The Four-Gated City

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The Four-Gated City
AuthorDoris Lessing
CountryUnited Kingdom
PublisherMacGibbon & Kee
Publication date
Media typePrint (Hardback & Paperback)

The Four-Gated City, published in 1969, is the concluding novel in British Nobel Prize-winning author Doris Lessing's five-volume, semi-autobiographical series The Children of Violence,[1] which she began, in 1952, with Martha Quest. The series Children of Violence follows the life of protagonist Martha Quest, from age fifteen in Southern Rhodesia, now Zimbabwe, through adolescence and a marriage shaped by the Second World War. In The Four-Gated City Lessings moves the setting from Southern Rhodesia, southern Africa, to London, and this novel has a science fiction, dystopian ending, with Martha dying in 1997.

When published it created a stir with claims that it promoted communism.[2] The Four-Gated City is one of Lessing's most important works.[3] Lessing had moved to London, from southern Africa, with her son Peter in 1949, after divorcing her second husband Gottfried Lessing.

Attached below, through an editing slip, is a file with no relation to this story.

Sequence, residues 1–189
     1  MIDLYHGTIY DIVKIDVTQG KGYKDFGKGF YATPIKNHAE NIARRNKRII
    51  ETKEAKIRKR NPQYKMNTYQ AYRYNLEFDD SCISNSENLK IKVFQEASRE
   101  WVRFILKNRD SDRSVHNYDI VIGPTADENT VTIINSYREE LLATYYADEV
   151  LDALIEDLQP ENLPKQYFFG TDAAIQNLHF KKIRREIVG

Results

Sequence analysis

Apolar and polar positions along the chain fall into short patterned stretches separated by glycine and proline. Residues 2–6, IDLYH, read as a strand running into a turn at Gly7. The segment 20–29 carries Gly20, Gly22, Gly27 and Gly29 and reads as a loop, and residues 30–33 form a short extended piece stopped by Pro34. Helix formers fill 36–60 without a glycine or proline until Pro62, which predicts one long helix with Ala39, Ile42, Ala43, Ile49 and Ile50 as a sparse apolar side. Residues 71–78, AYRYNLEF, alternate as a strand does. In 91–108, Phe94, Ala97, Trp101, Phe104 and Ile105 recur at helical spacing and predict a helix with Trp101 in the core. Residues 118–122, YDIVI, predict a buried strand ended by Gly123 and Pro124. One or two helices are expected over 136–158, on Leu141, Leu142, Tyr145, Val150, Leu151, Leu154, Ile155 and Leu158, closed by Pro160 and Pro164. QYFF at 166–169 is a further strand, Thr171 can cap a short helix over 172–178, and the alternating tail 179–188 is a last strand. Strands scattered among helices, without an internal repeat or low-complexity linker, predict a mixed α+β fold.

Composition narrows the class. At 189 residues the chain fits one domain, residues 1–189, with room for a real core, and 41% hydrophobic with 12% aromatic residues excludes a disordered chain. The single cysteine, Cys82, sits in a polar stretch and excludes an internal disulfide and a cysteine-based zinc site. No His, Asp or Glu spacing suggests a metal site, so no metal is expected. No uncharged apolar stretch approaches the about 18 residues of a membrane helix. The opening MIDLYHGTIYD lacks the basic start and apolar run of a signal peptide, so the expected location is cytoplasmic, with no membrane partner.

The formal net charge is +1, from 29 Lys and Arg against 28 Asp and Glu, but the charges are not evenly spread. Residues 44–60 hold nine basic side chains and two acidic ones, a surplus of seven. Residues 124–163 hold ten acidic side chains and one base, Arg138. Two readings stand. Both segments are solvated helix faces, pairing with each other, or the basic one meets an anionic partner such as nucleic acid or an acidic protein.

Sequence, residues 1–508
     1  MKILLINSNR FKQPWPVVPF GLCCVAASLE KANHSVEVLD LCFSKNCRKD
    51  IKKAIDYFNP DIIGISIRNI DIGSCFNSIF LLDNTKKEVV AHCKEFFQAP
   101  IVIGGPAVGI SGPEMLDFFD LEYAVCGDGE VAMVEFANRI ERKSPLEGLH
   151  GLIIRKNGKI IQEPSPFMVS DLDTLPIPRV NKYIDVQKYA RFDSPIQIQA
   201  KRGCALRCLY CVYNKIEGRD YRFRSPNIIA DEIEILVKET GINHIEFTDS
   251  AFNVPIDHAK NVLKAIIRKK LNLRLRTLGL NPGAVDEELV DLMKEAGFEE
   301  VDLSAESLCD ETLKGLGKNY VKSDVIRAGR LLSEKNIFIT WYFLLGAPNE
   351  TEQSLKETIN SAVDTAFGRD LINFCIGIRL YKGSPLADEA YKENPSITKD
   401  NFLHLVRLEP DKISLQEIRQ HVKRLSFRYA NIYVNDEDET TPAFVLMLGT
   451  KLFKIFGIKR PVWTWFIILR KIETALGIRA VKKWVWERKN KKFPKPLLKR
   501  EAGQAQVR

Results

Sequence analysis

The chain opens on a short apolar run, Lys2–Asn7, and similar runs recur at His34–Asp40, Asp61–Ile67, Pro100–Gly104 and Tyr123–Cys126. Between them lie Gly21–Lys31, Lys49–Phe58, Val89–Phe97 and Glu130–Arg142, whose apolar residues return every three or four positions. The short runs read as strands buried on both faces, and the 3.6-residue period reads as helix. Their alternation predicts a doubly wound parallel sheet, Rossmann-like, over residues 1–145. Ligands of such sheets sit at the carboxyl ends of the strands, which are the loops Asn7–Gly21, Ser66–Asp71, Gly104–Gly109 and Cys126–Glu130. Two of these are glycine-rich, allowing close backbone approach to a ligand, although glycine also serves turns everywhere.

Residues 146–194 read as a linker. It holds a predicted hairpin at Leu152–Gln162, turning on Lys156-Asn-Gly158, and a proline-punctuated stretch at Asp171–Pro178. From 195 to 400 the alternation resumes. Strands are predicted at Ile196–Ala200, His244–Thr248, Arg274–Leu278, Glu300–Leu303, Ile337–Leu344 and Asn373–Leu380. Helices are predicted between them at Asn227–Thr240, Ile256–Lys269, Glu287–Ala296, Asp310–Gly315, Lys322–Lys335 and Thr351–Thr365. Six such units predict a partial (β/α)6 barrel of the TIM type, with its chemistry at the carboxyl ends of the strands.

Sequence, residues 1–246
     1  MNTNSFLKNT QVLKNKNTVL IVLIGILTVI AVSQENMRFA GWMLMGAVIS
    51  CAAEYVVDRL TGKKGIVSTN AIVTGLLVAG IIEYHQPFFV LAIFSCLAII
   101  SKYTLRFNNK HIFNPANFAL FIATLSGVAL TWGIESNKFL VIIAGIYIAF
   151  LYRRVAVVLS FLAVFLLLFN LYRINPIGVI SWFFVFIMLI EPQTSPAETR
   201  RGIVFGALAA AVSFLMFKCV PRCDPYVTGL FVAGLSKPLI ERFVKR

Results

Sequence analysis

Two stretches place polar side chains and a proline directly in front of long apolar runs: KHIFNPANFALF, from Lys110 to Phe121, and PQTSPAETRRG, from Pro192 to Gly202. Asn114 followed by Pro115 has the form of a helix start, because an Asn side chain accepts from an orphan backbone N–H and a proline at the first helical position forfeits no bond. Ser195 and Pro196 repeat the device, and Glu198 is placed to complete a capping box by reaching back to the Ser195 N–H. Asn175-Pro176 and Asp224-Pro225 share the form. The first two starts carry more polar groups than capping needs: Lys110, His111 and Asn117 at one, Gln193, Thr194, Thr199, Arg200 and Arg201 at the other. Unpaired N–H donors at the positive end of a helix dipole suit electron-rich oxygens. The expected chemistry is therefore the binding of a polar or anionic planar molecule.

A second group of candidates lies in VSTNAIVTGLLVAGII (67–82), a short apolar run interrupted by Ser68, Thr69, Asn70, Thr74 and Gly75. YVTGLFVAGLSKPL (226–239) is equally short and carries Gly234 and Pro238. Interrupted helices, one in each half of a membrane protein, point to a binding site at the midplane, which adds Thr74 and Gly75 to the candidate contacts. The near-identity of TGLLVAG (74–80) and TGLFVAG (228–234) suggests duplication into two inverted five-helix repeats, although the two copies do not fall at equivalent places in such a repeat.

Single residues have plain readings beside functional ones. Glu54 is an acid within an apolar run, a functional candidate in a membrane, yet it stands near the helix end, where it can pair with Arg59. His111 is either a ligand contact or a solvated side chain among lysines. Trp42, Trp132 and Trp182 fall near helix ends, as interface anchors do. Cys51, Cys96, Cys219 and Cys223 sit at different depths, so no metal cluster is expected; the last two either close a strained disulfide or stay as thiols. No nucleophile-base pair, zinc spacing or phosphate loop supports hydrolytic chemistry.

Plot summary[edit]

The Four-Gated City is set in post Second World War Britain. Martha is in London as the 1950s begin. She "is integrally part of the social history of the time - the Cold War, the Aldermaston Marches, Swinging London, the deepening of poverty and social anarchy". The volume "ends with the century in the grip of World War Three".[4] In the year 1997, Martha dies on a contaminated island off the northwest coast of Scotland. Most of the people of Britain have died before her, in 1978, of multiple afflictions: bubonic plague, nerve gases, nuclear explosions.


The novel "takes on the medical profession", which it is suggested is "destroying [...] that part of humanity which is in fact most sensitive to evolution". It "criticizes the scientists who have created and perpetuate a climate in which "rationalism" has become a new God"; the novel further explores the possibilities of people having " 'extra-sensory perception', in varying degrees, but "have been brainwashed into suppressing it, and that schizophrenia is the name of our blindest contemporary prejudice".[1]


  1. ^ a b From the dust jacket of the first edition of The Four-Gated City.
  2. ^ "The Four-Gated City; By Doris Lessing," by Mary Ellmann, 'New York Times, May 18, 1969.
  3. ^ Prof. Horace Engdahl, the Permanent Secretary at the Swedish Academy said that The Four-Gated City is Lessing's most important work. In Dagens Nyheter, October 12, 2007.
  4. ^ Dust jacket of the first edition,